Interior design activity picked up in the second quarter, but designers still lag behind contractors, remodelers, and kitchen and bath specialists in the amount of business they are attracting. Cost can be a factor, certainly, as can be the size or type of project. Still, all things being more or less equal, many homeowners are opting to work directly with tradespeople rather than through a designer. This suggests to me that they do not perceive a sufficient added value that the designer would bring to the project to warrant the additional cost. After all, there’s lot of free or low-cost interior design help out there. That puts the onus on you, the designer, to demonstrate that value.

If you haven’t done so lately, I urge you to take some time to review your website, social media pages, and promotional materials through the cold, hard, skeptical eye of the consumer. How are you distinguishing yourself and your services from the competition, both those outside the profession and other designers targeting the same market as your ideal client? What makes your offering unique? Do the images you are using demonstrate what sets you apart, or are they similar to those of lots of other designers (to the uneducated eye of the consumer)?

Think of the perfume counter in a large department store. There are literally hundreds of brands for the consumer to choose from, each promising to make the purchaser more alluring. Yet, each strives in its way to appear in some way unique, touting its mark of distinction, be it a celebrity endorsement, appeal to a certain lifestyle or fashion sense or lifestage, distinctive bottle or branding, or guaranteed results to attract the object of one’s affections. In the end, they are all selling the same thing, but not in the same way.

So what is your firm’s mark of distinction? It should be obvious and front and center in all your business communications. Otherwise, yours is little more than a generic brand.

If you are having trouble identifying or articulating your mark of distinction, then please contact me. I will work with you to review your marketing materials and create a unique, distinct brand presence to set you apart from the competition.

Build a Better Mousetrap

A keystone of American business for over two centuries has been the counsel of the eminent New England philosopher and scholar Ralph Waldo Emerson, who is credited as the author of the saying, “Build a better mousetrap, and the world will beat a path to your door.” It has inspired inventors and would-be inventors ever since. But you don’t have to be an inventor to profit from Emerson’s advice.

What holds true for an invention holds true for your firm as well. Are you unhappy with how your business is performing? Do other designers seem to be busy while you’re scrounging for clients? Build a better mousetrap. What can you do better than your competition? Are you a better designer? Are you a better salesperson? Do you run a tighter ship and always deliver your projects on time and within budget? Are you easier to work with and get great reviews from your clients? Do you have a knack for finding that perfect, one-of-a-kind product, artwork or accessory? Do you make sure you’ve dotted all the i’s and crossed all the t’s before closing out a project and take the time to carefully explain everything to the client and walk them through all the improvements you’ve provided for them, leaving them with all the appropriate manuals and care instructions?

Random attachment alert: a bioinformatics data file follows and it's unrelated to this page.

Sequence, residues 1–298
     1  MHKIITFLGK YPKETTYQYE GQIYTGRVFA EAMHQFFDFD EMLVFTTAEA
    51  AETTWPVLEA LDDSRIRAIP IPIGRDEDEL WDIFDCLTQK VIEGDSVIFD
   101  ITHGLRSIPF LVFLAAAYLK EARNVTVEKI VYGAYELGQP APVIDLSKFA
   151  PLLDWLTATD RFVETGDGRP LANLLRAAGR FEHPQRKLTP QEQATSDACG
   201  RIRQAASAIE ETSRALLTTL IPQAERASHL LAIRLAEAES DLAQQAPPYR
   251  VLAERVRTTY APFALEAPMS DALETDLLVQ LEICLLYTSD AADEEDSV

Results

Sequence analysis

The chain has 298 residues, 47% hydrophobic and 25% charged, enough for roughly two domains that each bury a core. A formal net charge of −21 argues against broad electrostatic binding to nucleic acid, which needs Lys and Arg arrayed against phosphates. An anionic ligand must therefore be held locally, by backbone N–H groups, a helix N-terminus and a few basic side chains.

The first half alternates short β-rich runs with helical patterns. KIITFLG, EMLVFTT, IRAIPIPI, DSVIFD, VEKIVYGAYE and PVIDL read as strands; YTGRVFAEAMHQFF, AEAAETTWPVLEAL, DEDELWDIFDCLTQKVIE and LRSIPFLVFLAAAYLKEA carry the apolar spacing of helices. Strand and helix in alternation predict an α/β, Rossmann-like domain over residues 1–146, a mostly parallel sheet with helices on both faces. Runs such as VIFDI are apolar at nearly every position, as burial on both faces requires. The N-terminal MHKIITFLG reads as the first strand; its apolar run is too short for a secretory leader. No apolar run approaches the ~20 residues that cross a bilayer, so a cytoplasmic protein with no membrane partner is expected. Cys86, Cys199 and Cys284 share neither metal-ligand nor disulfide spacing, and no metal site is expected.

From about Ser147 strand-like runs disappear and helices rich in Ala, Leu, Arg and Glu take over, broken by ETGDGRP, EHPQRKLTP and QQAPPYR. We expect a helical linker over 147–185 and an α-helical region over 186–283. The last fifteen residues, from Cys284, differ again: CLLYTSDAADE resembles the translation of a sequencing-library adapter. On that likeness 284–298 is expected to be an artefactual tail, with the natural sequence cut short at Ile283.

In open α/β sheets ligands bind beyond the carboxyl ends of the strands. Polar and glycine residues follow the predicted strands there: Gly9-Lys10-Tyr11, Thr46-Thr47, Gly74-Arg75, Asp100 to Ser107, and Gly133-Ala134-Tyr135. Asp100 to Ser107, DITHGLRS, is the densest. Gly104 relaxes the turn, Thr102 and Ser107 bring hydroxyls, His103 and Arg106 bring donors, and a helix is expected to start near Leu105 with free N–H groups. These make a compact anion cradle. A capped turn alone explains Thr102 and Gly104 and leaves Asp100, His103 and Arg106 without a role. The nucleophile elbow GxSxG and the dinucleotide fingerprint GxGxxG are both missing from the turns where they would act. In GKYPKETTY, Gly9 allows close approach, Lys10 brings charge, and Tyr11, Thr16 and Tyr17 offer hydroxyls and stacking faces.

Whatever it is, or they are, you are sure to do some things better than your competitors. So compete with them on those things, not on what they’re selling. There are clients out there who will value you for the gifts, talents and experience you have. If there’s room in the world for a Picasso, a Warhol and a Jackson Pollock, there’s room for you, too.

Need some help figuring out how to position your talents in your market? Contact me and let’s talk it through. I have helped dozens of designers to find their better mousetrap and enjoy a more profitable and satisfying business.


Reactivate Your Network

According to recent reports, interior designers are feeling optimistic about their business opportunities for the rest of the year, having seen their activity rebound in the past several months. As peak vacation season winds down and we head into the fall décor and design season, now is the time to renew contacts with those in your network who can serve as sources for leads and referrals.

In my previous blog I spoke about the importance of maintaining contact with ideal client prospects and former clients. The same holds for suppliers, vendors, industry reps, real estate agents, builders, contractors, specialists, consultants, and others who are likely to come in contact with current or new homeowners wanting assistance with design and remodeling projects. They, too, likely have had some time away from their businesses or had their minds on other matters during the seasonal lull. Get back in touch, remind them that you’re still around and looking for clients, and, in turn, would be able to send some business their way, too.

Depending on the depth of your relationship, you may just want to send a friendly email or make a quick phone call. For more important sources, invite them for coffee or a meal. Pass along a few of your business cards, and confirm you have their most current contact information and preferences. Make sure you have something to offer in return, even if it’s just to be available when they need a favor or some information. Reciprocity fuels relationships.